In a few short months, Cindi and Bill Gianopoulos have saved several animals, raised donations and worked with the Humane Society Exuma to assist hundreds of dogs and cats on the island
There are some places in the world that leave a mark. Maybe you have that unforgettable experience, a memorable photo to frame and display in your home.
Then there are places that not only leave a lasting impression but also make you want to give part of yourself.
Exuma is one of those places.
Cindi and Bill Gianopoulos, business owners from Lawrence, Massachusetts, have been traveling to The Bahamas for years. These longtime owners at Grand Isle Resort have explored every corner of Exuma by land and by sea. Charming, beautiful
and safe, the island felt like home. But it wasn’t until a chance encounter last December, with a stray puppy near Emerald Bay beach, that Bill and Cindi started their mission.
“I have always loved animals and seen the strays on the side of the road,” Cindi explains.“I was visiting a lady who has a shop at the end of the beach when I saw this puppy in the nearby woods. I had to get him. I couldn’t just leave him there. These animals are helpless – and they love you back. They deserve our time to help them.” Dirty, riddled with fleas and ticks, and with a wound near its eye, Cindi and Bill took the puppy to the Humane Society Exuma, an experience she describes as “wonderful”. By the end of that visit, the puppy was no longer a stray. He was Tucker, a family pet.
Cindi and Bill didn’t stop there.
Exuma is home to perhaps hundreds of stray dogs, mostly a breed known as Potcakes, a loveable, good-natured animal that is common on several Caribbean islands. While they couldn’t adopt every dog on the island, they took it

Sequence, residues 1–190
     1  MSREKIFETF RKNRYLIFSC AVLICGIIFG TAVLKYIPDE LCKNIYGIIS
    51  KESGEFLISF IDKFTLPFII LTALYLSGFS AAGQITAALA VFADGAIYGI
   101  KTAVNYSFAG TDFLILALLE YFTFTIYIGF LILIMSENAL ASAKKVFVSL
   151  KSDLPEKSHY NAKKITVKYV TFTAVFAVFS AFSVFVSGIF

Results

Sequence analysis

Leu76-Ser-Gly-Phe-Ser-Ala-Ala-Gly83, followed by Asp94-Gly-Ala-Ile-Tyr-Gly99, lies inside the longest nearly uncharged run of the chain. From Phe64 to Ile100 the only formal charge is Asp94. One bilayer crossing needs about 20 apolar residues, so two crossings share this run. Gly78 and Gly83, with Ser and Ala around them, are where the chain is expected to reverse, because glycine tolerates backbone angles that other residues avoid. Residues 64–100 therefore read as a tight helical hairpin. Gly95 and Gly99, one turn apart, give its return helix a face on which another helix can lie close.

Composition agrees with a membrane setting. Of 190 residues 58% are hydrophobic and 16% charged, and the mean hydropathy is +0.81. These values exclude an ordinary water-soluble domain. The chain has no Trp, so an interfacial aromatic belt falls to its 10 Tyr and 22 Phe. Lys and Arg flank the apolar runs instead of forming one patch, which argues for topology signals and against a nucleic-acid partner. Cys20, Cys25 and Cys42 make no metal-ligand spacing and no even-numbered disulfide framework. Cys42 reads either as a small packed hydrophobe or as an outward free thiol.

upon themselves to get involved. In just a few short months, the family has rescued seven dogs and one cat. Twice, Grand Isle homeowners, with private jets, carried dogs back with them to the United States so they could meet their new owners.
To help locals without access to a car, these Grand Isle owners have even taken dogs and cats to get spayed, neutered, and vaccinated before delivering them back home. Meanwhile, Cindi and Bill are working with the Humane Society Exuma to gather donations, establish charitable status and create a sustainable solution for the island’s strays.
“In Exuma, most dogs do not live inside the home. There is a cultural difference. Spay and neutering is not common, and so the population just grows,” Cindi says. “What’s tragic is many of these animals develop heartworm, so they only tend to live
for just four or five years. The Humane Society is out there educating, picking up stray dogs, and doing what they can.”
Dr. Issah Hanson is the organization’s only veterinarian, and he lives in Nassau. Dr. Hanson has to travel to Exuma on his weekends off, typically once a month, to perform surgeries and procedures.
“We receive no government assistance, and must rely solely on income generated from services and the
donations of our generous sponsors,” says Ellen Sykes, a volunteer for the society. “We are always in need of
medicines, supplies, and equipment.”
The society is currently located in a cramped space at Bahama Sound, just off the Queen’s Highway. Although the organization has recently obtained funding for an x-ray machine, the space is too small to safely operate it. Plans are underway to expand the clinic into the unit next door. The Humane Society Exuma might be short on volunteers and capital, but it is rich in ambition. A Florida based non-profit – Friends of the Humane Society Exuma Inc – has just been created to assist with fundraising. It has even launched a new Go Fund Me page to raise money for the animals.
In the end, on a developing island like Exuma, there are many causes that need a helping hand. For Cindi and Bill, it just happened to be animals. Whether others choose to join their cause or establish their own, it is the beauty of Exuma and its people that inspires people to make a difference.
“This island has been our home away from home for so many years,” Cindi says. “It’s just special. Of course, Exuma itself is beautiful, but the safety of the island and the warmth of the locals makes it totally different compared to so many places in the Caribbean. We are emotionally invested as well. It’s much more than a holiday for us.”
To learn more about Humane Society Exuma, you
can visit its Facebook page here.
If you would like to make a tax-deductible charitable donation to any cause in Exuma, the Exuma Foundation of Canada and Exuma Foundation of America can provide charitable tax receipts for your North American income tax return.
Please contact Jeff Todd for more information at email@example.com